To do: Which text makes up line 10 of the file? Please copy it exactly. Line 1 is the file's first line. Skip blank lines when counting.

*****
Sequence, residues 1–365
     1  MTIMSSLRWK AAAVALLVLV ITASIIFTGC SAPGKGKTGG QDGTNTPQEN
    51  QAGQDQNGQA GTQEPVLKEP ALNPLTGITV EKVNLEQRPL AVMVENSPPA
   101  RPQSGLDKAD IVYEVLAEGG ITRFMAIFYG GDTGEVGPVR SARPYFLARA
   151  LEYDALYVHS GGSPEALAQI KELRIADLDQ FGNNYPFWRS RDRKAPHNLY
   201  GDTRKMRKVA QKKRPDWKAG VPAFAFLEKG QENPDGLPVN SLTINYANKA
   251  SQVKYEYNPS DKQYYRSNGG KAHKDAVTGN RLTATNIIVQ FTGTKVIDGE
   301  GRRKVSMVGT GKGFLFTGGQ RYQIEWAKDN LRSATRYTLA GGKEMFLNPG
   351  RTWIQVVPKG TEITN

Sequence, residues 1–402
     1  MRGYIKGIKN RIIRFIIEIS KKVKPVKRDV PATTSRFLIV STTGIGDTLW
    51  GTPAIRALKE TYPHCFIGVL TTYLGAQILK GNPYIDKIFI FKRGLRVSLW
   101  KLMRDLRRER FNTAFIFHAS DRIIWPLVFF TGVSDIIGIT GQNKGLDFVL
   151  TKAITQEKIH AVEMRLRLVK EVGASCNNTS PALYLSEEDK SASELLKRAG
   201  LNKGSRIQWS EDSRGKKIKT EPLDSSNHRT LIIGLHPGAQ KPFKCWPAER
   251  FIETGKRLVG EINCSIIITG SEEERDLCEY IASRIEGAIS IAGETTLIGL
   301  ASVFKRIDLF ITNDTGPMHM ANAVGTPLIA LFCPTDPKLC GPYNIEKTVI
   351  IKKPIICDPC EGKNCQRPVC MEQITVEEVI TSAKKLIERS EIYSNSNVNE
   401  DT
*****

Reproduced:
Sequence, residues 1–402